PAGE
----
Two and a half hours east of Toronto, you will find Frontenac Provincial Park. Frontenac has 160 km of trails that are situated on a section of the Canadian Shield where it meets the Adirondack Mountains. One of the best hikes in Frontenac follows the Little Salmon and Little Clear Lake loop. Starting out, the trail heads northward through the middle of the park under a canopy of Oaks, Beeches Birches and Maples. This section of the park is effortless, and lets you soak in the wilderness.
Lots of Deer
Once you get north of the 401, the drive to Frontenac Provincial Park is quite enjoyable. But take your time, because there are lots of deer in the park. Subsequently, after two days of hiking, I ended up removing ten black legged ticks from my poor dog. My Ridgeback is basically a miniature deer, so no chance I will be bringing her back in the fall. More importantly, bring a tick removal tool and don't use your fingers.
Fall camping at Frontenac Provincial Park is all about good timing, or being flexible at the last minute. So, waiting for a warm weather system and some sunshine will work wonders. Tripping during the week is sometimes the only option when booking last minute. Luckily, Frontenac had sites open on the weekend. Its worth noting, these back country sites are clustered, which means you will have neighbors. On the other hand, a weekday trip will offer a better chance for a quite evening. The Little Clear Lake site has a tent platform, picnic table, grills and an outhouse. Which is pretty great compared to other back country sites in Ontario.
The 160 km trail system is massive and well planned. Portaging is a great option, yet almost all the campsites are accessible by foot. Most routes are broken down into loops, which wrap around the lakes. The trail markings were interesting and super easy to follow. Another reason why this is one of the best hikes in Frontenac, is because the sites are clustered. Was so nice not having to constantly look at the map to link trails together. To sum it up, all you need to know is the campsite number to casually hike km's into the park.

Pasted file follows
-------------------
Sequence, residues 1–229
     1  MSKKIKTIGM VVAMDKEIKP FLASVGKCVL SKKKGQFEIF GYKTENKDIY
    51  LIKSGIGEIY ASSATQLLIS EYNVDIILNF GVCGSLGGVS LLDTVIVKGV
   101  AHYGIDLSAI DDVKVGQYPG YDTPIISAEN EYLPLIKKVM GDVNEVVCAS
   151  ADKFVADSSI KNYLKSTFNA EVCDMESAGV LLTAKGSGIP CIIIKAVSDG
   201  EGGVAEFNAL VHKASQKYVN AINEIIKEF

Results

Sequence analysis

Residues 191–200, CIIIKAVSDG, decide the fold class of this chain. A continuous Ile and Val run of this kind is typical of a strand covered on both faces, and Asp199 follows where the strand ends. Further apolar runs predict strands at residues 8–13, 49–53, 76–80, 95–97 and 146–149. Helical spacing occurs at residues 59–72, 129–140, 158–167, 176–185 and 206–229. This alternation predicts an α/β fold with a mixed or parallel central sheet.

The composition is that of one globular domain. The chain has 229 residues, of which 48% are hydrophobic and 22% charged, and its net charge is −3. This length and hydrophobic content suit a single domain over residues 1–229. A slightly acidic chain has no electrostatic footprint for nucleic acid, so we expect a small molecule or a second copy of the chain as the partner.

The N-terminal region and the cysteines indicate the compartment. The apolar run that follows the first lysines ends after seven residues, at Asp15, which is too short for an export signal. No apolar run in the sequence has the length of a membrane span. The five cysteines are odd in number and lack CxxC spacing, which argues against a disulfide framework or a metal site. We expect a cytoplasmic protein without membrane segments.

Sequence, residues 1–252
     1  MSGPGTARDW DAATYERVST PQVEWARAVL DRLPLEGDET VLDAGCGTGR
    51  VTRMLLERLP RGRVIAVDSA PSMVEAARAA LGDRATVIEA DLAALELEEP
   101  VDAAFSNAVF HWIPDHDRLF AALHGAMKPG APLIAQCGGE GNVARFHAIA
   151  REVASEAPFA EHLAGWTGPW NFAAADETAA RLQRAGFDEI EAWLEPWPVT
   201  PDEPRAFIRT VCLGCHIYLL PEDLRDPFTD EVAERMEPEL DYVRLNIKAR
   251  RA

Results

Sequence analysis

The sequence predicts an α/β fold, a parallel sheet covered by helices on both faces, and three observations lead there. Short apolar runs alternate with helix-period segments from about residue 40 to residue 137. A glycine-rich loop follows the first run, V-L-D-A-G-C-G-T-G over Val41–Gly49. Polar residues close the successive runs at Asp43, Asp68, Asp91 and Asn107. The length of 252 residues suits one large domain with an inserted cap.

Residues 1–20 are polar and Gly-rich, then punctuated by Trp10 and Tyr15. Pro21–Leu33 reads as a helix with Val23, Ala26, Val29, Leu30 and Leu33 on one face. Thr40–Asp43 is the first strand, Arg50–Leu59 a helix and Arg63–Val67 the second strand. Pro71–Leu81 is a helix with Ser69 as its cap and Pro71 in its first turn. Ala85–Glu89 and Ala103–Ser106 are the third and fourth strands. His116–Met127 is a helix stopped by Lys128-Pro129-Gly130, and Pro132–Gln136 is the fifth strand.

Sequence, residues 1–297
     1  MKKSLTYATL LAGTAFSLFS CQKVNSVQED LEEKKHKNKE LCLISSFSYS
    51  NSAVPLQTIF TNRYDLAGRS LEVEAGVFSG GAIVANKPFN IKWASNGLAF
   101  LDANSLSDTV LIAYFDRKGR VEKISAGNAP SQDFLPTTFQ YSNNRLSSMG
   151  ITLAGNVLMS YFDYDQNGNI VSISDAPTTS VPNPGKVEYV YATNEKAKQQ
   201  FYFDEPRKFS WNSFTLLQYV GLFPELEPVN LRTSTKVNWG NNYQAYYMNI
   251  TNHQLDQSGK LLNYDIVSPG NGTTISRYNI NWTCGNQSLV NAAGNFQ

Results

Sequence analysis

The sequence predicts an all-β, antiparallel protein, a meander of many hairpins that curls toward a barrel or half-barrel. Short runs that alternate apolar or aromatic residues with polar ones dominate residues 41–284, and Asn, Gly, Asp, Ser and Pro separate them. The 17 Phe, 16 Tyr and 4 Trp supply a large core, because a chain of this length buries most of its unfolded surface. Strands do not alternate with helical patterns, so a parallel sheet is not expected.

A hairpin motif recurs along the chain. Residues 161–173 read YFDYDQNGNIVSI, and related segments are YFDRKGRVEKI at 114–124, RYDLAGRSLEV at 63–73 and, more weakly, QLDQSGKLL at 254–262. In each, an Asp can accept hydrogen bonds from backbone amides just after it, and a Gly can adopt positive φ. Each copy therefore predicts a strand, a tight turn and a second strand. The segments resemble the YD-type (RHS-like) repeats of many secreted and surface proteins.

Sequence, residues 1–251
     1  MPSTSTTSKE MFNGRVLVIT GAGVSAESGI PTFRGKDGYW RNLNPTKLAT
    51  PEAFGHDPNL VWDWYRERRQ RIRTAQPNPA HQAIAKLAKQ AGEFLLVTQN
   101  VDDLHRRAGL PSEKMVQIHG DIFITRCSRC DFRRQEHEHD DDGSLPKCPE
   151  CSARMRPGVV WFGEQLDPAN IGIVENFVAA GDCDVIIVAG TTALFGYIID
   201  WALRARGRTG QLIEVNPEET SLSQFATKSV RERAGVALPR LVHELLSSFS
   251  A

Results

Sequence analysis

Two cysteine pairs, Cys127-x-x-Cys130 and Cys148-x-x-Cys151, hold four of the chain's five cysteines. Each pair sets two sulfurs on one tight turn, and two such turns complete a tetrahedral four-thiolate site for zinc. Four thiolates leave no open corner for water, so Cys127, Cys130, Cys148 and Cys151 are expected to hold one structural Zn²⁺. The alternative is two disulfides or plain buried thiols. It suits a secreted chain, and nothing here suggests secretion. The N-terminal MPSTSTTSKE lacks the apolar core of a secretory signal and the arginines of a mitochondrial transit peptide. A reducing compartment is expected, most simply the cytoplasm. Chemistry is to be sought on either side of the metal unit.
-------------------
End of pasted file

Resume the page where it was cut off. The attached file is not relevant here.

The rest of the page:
History, Howls and Leaves
Frontenac Provincial Park has some history, as some trails include really old rusted out farming equipment. Yet, deer and coyotes seem to run the place now. My dog is not a fan of the late night howls, but it was pretty cool for the first 20 minutes. The main reason I came to the park was to check out the autumn leaves. The earthy smell and warm feeling of autumn is strong here. With the park being open later in the season, it is a great option for your next fall camping trip.
Ultra Marathon and The La Cloche Trail
The Frontenac trail system is huge, which sets up nice for a marathon trail run/walk. The Frontenac Challenge is a personal feat you can sign up for at the Park's Office free of charge. To clarify, it involves an attempt to complete the 11 trail loops in the park during the months of Sep and Oct. Total distance clocks in around 160 km's of backcountry fun. Great way to experience all the best hikes in Frontenac Provincial Park. Another Ontario trail system with 82kms of nature is the La Cloche Trail in Killarney Provincial Park.
4 Hour Hike
Try to Prevent Tick Bites
Great Sites but they are Clustered
Amazing Fall Colours
Deer and Coyotes
Frontenac Challenge 160 km